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When Politicians Own the Newspapers

We all seem to love to berate news outlets for their biased reporting of politics, but in this Denver Post Article from 1912, the link between newspapers and politicans and biased reporting is taking to hilarious levels.

Side Note: I often say when I make my millions i will donate it to the Denver Public Library to digitize their newspaper stash, but it now occurs to me (after how many years of existance) that perhaps we should start a fundraising campaign on like gofundme - becuase more stuff like this should be online.

Denver Post, May 1912

SPEER AND EVANS ARRESTED ON CRIMINAL LIBEL CHARGE __________ Owners of Denver Post Allege That They Were Defamed by Editorial Pub-lished in the Times May 17. ______________

William G. Evans, president of the Denver City Tramway company, alleged to be one of the proprietors of the Denver Times, and Robert W. Speer, mayor of Denver and publisher of the Denver Times, were arrested yesterday on charges of having criminally libeled Harry H. Tammen and Frederick G. Bonfils, proprietors of The Denver Post, and were released on bonds of $1,500 each. Security for William G. Evans was furnished by John A. Beeler, general manager of the Denver City Tramway company, who, with N. Walter Dixon, personal counsel of the accused, accompanied William G. Evans to court. Bonds for the same amount were furnished for R.W. Speer by John C. Mitchell.

The amount of bail was requested by Willis V. Elliott, district attorney, who last week, when Harry H. Tammen and Frederick G. Bonfils, proprietors of The Denver Post, were arrested on identical charges on affidavits from William G. Evans, fixed the amount of bail at $5,000.

William G. Evans, in each of two charges of libel against the proprietors of The Denver Post, asks for damages of $500,000 or $1,000,000 in all, and that the defendants be imprisoned for one year. In the indictment against William G. Evans, on affidavits by Harry H. Tammen for The Post owners, no money damages are asked, but only the year’s imprisonment named in the statutes.


The information charges that Evans and Speer, on May 17, “unlawfully, maliciously and feloniously contriving and intending to villify and defame one Harry H. Tammen and Frederick G. Bonfils and to impeach their honesty, integrity and reputation and thereby expose them to public hatred, con-tempt and ridicule, unlawfully, maliciously and feloniously did compose and publish and cause to be composed and published in the certain newspaper, to-wit, the Denver Times, a certain false, malicious and defamatory libel of and concerning them, the said Harry H. Tammen and Frederick G. Bonfils.”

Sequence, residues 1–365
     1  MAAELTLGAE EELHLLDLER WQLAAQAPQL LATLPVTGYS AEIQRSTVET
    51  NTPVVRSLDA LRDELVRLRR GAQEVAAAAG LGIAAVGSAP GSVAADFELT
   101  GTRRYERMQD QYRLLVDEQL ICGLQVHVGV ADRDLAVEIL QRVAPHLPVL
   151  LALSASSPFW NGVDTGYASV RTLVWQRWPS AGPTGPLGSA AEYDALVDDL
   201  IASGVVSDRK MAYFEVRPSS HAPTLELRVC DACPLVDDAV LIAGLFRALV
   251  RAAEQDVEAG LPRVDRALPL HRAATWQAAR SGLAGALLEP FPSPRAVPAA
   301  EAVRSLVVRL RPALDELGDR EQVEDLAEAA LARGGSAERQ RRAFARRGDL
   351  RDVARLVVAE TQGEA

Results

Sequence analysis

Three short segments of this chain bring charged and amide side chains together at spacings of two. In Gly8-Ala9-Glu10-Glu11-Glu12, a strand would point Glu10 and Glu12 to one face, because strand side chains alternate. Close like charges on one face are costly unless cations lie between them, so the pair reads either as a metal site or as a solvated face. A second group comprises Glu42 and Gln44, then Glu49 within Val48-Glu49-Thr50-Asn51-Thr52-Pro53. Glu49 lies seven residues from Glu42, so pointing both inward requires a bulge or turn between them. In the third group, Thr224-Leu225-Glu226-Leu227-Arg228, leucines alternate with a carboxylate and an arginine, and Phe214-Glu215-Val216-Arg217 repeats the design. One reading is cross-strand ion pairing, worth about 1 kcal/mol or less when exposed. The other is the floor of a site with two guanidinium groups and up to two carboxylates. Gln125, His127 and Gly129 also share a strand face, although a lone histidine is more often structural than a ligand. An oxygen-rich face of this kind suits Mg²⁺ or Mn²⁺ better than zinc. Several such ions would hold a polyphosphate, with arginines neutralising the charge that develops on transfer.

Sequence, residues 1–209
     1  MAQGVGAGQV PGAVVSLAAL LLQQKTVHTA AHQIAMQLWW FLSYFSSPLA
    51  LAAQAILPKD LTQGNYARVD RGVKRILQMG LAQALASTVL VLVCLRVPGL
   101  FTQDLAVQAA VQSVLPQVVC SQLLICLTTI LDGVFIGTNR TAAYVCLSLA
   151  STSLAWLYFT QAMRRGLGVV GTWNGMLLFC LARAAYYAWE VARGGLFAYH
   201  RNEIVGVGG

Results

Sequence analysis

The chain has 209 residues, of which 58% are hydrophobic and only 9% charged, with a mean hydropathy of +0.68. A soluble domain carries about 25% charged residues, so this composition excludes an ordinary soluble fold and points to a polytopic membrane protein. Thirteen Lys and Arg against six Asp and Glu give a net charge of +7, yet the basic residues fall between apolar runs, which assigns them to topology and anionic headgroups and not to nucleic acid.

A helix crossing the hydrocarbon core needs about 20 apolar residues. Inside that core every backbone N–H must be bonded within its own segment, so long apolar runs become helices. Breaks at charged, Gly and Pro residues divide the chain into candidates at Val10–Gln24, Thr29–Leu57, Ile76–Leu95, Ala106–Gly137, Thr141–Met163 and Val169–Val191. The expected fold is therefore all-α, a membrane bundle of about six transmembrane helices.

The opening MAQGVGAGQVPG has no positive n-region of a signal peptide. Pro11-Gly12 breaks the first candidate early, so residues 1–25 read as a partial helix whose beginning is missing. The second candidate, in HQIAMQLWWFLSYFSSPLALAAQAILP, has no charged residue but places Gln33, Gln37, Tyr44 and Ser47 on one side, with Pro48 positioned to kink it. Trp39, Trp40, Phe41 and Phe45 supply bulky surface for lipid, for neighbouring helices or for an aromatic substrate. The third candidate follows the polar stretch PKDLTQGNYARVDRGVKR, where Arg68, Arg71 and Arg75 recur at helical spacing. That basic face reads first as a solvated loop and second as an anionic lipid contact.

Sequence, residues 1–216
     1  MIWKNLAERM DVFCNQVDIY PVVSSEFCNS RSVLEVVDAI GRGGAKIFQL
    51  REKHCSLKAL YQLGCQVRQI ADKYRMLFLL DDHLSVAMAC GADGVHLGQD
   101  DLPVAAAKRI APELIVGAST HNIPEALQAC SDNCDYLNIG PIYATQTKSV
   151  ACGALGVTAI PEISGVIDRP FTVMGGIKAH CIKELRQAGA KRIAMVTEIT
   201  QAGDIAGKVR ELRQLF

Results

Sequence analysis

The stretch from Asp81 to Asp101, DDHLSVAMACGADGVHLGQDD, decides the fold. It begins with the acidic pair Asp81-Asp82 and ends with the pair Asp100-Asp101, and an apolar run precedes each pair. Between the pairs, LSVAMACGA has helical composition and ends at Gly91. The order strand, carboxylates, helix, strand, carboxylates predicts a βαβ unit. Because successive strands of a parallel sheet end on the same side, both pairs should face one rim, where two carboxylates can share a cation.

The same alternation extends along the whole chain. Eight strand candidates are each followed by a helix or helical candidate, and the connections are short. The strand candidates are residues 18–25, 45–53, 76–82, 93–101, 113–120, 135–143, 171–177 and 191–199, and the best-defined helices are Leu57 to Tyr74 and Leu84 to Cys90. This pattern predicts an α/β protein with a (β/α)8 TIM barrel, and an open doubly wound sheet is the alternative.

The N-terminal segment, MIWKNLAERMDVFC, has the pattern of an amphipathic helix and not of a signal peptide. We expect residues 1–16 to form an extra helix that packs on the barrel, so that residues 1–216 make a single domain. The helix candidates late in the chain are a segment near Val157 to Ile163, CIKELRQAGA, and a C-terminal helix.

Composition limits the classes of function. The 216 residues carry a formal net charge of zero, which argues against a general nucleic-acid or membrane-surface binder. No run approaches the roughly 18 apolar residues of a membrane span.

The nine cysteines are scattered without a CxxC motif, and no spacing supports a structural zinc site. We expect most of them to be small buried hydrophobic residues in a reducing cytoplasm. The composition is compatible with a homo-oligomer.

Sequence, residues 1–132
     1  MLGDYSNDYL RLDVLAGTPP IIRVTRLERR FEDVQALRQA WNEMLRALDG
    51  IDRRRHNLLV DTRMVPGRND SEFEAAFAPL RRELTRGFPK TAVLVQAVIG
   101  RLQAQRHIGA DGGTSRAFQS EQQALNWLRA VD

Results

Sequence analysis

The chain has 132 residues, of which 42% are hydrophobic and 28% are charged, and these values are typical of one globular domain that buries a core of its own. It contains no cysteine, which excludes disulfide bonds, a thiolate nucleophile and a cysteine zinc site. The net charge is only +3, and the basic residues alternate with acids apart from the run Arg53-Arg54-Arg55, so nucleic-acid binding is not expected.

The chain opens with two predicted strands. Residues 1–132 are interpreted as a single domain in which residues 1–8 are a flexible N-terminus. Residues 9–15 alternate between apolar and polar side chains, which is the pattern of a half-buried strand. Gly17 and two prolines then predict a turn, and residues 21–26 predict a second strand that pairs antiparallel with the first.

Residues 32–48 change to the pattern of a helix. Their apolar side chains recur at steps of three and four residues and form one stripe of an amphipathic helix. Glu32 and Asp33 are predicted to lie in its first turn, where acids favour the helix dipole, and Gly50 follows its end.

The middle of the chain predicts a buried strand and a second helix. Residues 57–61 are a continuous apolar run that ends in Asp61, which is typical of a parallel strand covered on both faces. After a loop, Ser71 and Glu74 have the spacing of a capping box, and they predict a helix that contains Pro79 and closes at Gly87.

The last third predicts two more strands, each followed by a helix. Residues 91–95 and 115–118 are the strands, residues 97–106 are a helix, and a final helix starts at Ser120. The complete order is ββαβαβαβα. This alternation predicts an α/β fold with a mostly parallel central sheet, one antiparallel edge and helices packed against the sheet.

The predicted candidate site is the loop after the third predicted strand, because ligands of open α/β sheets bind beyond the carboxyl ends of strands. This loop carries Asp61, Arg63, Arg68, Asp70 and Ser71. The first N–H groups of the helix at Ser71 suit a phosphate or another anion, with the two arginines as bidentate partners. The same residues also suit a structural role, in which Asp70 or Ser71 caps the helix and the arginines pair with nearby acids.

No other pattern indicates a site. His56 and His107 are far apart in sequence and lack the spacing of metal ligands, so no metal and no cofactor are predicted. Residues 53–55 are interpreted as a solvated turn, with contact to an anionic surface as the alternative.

The information is supported by an affidavit sworn to by H.H. Tammen and Frederick G. Bonfils, in which is included a copy of an editorial in the Denver Times of May 17 under the caption, “The Element Behind Arnold.” In this editorial it is charged that…[H.H. Tam]men and Bonfils [are] the “two most disreputable residents of Denver today.” It called Thomas M. Patterson a professional wrecker and stated that the three men formed the backbone of the Arnold candidacy.

The editorial said that to elect Arnold would be to “install the shell game in the city hall,” and said that libeling of citizens would become ordinary, every-day occurrence. It was charged that “hush money” would have to be paid to free people from attack. The article predicted that Denver would experience such a reign of terror as no American city ever knew, if “these blackmailers and their pal, the wrecker, are placed in control of Denver’s city government.”


Mr. Tammen made affidavit that he is a competent witness to testify for the people of the state of Colorado in any proceeding based upon his previous affidavit alleging the criminal libel, and that affiant and Frederick G. Bonfils are the principals owners and proprietors of The Denver Post. Wil-liam G. Evans and Robert W. Speer will be formally arraigned to plead to the information on June 1.

Harry H. Tammen, one of the proprietors of The Denver Post, appeared before Judge Shattuck, in the west side court and entered a plea of not guilty to the indictment of criminal libel on information in an affidavit made by William G. Evans. Mr. Tammen stated that Frederick G. Bonfils, the other principal owner of The Denver Post, is out of the city, but will appear to plead next Saturday. Mr. Tammen was represented in court by John T. Bottom.

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